After working with an attorney to create an estate plan that covers all contingencies, one question remains: Who should be the executor?
This is an important decision, because the executor will administer your estate for you after you pass. In this post, we will look at factors to consider when choosing an executor.
What an executor does
An executor will be in charge of administering your estate. This includes bringing your financial affairs to a close and distributing your assets in accordance with your will. Thus, the executor’s first task will be to identify all assets in your estate – including intangible assets such as bank accounts, retirement accounts and investments.
Then the executor will use estate assets to pay debts and distribute the remainder to your beneficiaries. If anyone challenges the will or brings a lawsuit against your estate, your executor will defend the estate.
Traits of a good executor
A good executor should be reliable and honest. The executor will be in a position of responsibility, so he or she should be someone who would not try to steal from the estate.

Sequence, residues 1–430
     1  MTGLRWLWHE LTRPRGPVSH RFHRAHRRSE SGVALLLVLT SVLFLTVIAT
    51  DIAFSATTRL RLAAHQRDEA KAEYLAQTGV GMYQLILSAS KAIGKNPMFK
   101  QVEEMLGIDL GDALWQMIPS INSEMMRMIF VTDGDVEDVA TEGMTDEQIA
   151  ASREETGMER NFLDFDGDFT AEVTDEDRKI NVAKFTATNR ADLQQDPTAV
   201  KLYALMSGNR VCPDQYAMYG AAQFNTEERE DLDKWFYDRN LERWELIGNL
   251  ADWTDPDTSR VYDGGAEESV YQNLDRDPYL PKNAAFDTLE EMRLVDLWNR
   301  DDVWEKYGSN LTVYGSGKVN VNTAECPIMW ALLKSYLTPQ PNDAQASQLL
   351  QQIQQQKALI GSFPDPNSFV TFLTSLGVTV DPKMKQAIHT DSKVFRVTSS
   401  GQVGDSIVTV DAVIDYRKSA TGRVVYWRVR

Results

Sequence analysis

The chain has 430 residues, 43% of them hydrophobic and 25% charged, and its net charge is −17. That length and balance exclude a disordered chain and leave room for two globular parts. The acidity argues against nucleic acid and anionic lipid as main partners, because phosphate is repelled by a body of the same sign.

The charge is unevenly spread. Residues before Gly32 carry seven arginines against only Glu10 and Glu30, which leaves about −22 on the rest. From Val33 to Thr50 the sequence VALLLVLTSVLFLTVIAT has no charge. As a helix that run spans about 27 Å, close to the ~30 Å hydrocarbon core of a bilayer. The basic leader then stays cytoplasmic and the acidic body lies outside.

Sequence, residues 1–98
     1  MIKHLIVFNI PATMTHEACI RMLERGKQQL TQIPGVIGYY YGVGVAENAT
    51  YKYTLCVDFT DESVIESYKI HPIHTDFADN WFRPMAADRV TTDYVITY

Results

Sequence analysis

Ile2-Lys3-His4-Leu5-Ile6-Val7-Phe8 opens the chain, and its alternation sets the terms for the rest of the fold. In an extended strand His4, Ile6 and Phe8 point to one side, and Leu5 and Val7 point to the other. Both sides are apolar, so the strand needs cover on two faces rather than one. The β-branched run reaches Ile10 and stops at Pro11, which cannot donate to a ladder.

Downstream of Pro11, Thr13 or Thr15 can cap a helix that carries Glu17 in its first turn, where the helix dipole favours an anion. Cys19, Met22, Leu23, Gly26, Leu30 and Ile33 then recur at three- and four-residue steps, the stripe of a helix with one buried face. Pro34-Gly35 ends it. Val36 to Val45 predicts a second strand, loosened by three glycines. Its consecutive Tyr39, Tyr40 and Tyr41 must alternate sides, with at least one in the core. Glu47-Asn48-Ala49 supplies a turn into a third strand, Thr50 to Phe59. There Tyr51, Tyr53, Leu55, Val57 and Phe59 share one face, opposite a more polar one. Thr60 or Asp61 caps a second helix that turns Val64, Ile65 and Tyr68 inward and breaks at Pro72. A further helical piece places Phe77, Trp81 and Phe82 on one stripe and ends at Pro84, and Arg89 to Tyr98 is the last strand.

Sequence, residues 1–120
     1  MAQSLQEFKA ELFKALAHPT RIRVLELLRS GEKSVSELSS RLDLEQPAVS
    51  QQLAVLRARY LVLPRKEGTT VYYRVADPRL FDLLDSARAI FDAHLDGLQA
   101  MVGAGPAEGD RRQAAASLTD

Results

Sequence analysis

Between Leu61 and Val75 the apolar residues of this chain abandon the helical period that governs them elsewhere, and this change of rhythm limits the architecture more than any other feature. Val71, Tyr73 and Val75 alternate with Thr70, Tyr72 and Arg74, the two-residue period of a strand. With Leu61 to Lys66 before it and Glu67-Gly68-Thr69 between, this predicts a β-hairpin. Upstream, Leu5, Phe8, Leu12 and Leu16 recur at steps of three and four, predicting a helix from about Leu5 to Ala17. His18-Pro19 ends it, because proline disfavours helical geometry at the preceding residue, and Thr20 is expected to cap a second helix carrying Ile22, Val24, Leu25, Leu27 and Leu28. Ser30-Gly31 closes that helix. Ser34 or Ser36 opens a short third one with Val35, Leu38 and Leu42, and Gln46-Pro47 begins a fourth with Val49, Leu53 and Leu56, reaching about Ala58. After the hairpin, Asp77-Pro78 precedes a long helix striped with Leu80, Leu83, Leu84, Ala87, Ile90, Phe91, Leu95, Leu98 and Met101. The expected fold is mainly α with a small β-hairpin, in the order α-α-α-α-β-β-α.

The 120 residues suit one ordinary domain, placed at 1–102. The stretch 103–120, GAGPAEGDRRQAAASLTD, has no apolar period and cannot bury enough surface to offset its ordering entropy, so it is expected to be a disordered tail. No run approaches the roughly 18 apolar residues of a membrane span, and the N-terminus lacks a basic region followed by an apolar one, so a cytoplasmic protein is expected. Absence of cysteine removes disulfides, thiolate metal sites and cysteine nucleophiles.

The executor must have the time, energy and persistence to devote to the task of administering your estate.
It is sometimes beneficial if the executor already has a positive relationship with your beneficiaries.
If you have two people who are equally qualified to be your executor, you do not have to choose between them.
It is a good idea to name several backup executors in your will, in case your first choice predeceases you, or is otherwise unwilling or unable to perform the duties.
Looking beyond friends or family
Finally, the executor does not need to be a friend or family member. You can choose to have a trust department at a bank, or an attorney administer your estate.
Choosing your executor is not a decision you want to leave up to the court. Choosing the right person for the job can make the difference between a contentious lawsuit and a smooth transition of your estate to your loved ones.